"Now is not the time for half naked men"

When a show describes itself as "Pinocchio meets The Picture of Dorian Gray – with jazz hands!", it is giving you fair warning of how odd it is going to be, and so it is with this brand new musical Devilish. Receiving its world premiere at the Landor, Devilish is a curious mixture of a show that never quite settles in what it wants to be - a straight up musical comedy, a satire on reality TV culture, a poignant love story, it pulls in elements of all of these yet pulls punches in the delivery.

Our leading man isn't the first buff guy to be found half-naked on the streets of Clapham with a pair of angel wings but he might be the first to actually have fallen from Heaven. First taken in by the lovely Ruth (into whose greenhouse he crash-landed) and named Angel by her daffy best friend Maddie, the kerfuffle his arrival causes is capitalised on by Nick, the rapacious reality TV producer for whom the girls work, who splashes Angel's shirtless splendour all over our screens.

Tuesday, 10 May 2016

CD Review: MS. A Song Cycle

"I wish you didn't have to be in pain"

Multiple Sclerosis affects over 100,000 people in the UK alone. 

One of the accusations often levelled by detractors of musical theatre is that it is fanciful, frivolous stuff, unable of taking subjects seriously. And whilst the form undoubtedly can have its lighter moments, I'd challenge anyone to listen to this new song cycle inspired by women living with multiple sclerosis and remain unmoved. MS. A Song Cycle is the brainchild of lyricist Rory Sherman, who has worked with SimG Productions, musical supervisor Ellie Verkerk and 14 different teams of composers and performers to create a delicately but undeniably powerful collection of stories, that gain in that power from being sung so beautifully as they are here.

More than two to three times more women are affected than men

Using the song cycle format means that Sherman can shift the perspective around the many ways in which MS can affect women both directly and indirectly, from mothers and daughters to wives, carers and sufferers. So Paul Boyd's 'Mummy's Not Well' sees a young girl dispatched to live with her aunt after her mother falls ill, Lauren Samuels perfectly cast in this almost John Kander-esque tune; Amy Bowie's 'Perhaps I’m Stronger Than I Think' has Jodie Jacobs' support group leader giving the benefit of her experience; Verity Quade's Commute traces the difficulties that can be found in carrying out even the most mundane of daily tasks, as evocatively explained by Anna Francolini.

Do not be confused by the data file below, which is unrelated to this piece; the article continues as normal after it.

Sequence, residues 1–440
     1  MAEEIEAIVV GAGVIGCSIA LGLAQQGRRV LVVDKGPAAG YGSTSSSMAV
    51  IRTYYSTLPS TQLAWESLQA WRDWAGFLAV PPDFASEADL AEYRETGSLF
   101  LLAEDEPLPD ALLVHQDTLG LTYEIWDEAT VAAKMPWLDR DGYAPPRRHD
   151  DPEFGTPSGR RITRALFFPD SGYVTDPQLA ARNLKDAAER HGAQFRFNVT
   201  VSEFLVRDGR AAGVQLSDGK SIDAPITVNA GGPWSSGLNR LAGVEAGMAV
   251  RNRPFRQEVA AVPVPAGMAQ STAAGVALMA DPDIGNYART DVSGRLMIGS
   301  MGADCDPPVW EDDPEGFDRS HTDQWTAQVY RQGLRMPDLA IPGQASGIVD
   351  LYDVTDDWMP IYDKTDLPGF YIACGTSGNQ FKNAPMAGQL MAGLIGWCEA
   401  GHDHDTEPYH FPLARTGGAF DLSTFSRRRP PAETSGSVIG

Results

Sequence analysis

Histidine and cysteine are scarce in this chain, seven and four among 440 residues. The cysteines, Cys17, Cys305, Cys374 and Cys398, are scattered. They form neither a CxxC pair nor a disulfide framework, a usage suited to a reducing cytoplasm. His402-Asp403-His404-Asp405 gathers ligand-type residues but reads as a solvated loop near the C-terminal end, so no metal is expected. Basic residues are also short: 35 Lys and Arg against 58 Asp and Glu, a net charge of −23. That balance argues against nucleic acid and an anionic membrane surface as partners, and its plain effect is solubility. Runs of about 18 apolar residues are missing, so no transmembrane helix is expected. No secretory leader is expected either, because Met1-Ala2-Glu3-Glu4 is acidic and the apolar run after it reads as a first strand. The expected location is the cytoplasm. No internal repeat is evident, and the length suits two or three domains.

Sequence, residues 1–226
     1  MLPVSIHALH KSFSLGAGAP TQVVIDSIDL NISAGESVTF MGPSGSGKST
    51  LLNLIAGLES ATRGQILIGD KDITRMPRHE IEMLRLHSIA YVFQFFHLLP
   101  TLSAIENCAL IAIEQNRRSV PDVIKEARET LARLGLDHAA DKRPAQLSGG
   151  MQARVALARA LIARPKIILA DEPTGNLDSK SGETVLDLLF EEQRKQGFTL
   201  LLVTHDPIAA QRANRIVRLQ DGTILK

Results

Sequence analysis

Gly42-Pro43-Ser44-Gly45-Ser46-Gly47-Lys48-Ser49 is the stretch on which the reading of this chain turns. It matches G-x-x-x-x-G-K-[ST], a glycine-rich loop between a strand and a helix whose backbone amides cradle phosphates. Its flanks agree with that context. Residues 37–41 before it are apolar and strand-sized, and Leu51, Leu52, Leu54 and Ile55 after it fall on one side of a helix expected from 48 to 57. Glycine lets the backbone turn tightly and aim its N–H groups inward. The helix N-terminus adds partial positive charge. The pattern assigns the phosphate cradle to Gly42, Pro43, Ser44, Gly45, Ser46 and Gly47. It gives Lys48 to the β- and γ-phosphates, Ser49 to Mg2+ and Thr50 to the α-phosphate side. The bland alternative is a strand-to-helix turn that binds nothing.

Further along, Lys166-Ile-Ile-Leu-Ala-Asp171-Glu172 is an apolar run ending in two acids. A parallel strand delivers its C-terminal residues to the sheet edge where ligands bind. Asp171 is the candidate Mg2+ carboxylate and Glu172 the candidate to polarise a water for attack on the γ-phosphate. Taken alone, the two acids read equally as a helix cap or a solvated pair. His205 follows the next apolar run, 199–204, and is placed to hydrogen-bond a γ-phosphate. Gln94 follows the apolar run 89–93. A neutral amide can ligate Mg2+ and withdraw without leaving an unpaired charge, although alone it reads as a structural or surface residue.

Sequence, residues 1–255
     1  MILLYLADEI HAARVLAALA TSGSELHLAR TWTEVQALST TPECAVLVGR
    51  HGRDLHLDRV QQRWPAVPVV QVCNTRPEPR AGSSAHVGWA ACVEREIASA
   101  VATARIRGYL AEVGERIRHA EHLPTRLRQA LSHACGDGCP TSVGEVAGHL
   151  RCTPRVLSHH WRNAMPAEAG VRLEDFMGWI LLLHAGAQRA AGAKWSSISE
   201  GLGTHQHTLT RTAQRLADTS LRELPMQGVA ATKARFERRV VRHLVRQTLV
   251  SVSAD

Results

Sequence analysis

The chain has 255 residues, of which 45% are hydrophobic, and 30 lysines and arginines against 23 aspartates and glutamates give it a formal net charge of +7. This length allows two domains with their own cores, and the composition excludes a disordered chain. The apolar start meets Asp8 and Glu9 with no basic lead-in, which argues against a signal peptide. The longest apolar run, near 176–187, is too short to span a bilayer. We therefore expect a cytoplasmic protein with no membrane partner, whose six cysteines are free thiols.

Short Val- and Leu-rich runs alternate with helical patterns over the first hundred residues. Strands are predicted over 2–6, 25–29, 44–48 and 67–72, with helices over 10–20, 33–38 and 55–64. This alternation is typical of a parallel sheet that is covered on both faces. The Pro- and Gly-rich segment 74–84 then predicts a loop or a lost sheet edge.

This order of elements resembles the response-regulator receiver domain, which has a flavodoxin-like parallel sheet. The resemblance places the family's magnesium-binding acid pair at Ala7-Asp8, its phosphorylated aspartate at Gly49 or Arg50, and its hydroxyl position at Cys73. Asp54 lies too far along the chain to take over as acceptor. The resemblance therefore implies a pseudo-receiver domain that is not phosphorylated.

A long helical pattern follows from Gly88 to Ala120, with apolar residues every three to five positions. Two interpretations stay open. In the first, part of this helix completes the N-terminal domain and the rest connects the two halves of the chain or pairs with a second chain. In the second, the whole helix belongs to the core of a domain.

14 people are diagnosed with the disease everyday.

It is a deeply compelling collection of stories but also a marvellously, and thoughtfully, varied journey of songwriting. Wryly comic numbers rub shoulders with sadder, more reflective songs and throughout the tone is never self-pitying but rather utterly compassionate in its sensitive telling of how awful a condition MS is. The excellent 'What's That, Jim?' sees a rare Drewe-less appearance from George Stiles as Caroline Quentin channels something of Victoria Wood's beautifully bittersweet domestic observations, and Janie Dee's 'Alone In The Dark', written by Eamonn O’Dwyer, and Laura Pitt-Pulford's 'Cerulean Skies' by Sarah Travis are both soaringly beautiful ballads. 

Most people are diagnosed in their 20s/30s

For me, the highlights of the album come with Josefina Gabrielle's 'My Son's Secret', Sherman unfurling a rather amusing tale of a mother's discovery of alternative treatments to Tamar Broadbent's driving music. And in a most pleasing turn up for the books, Julie Atherton (who might have seemed a natural choice for that song, given her wicked way with a comic song) gets the chance to sing with a pure and devastating simplicity in Erin Murray Quinlan's heartbreaking 'How Can I Tell You?', the cream of a very talented crop, coming together to shine much needed light and hopefully increased awareness about MS>

Available in physical format from www.SimGProductions.com now (and available digitally later in the year). 

Complete song list
'The Frayed Chords Of My Life' sung by Lillie Flynn
Music by George Maguire, Lyrics by Rory Sherman

'Cadenza' sung by Alexia Khadime
Music by Brian Lowdermilk, Lyrics by Rory Sherman

'How Can I Tell You?' sung by Julie Atherton
Music by Erin Murray Quinlan, Lyrics by Rory Sherman & Erin Murray Quinlan

'Mummy’s Not Well' sung by Lauren Samuels
Music by Paul Boyd, Lyrics by Rory Sherman

'Commute' sung by Anna Francolini
Music by Verity Quade, Lyrics by Rory Sherman & Verity Quade

'What’s That, Jim?' sung by Caroline Quentin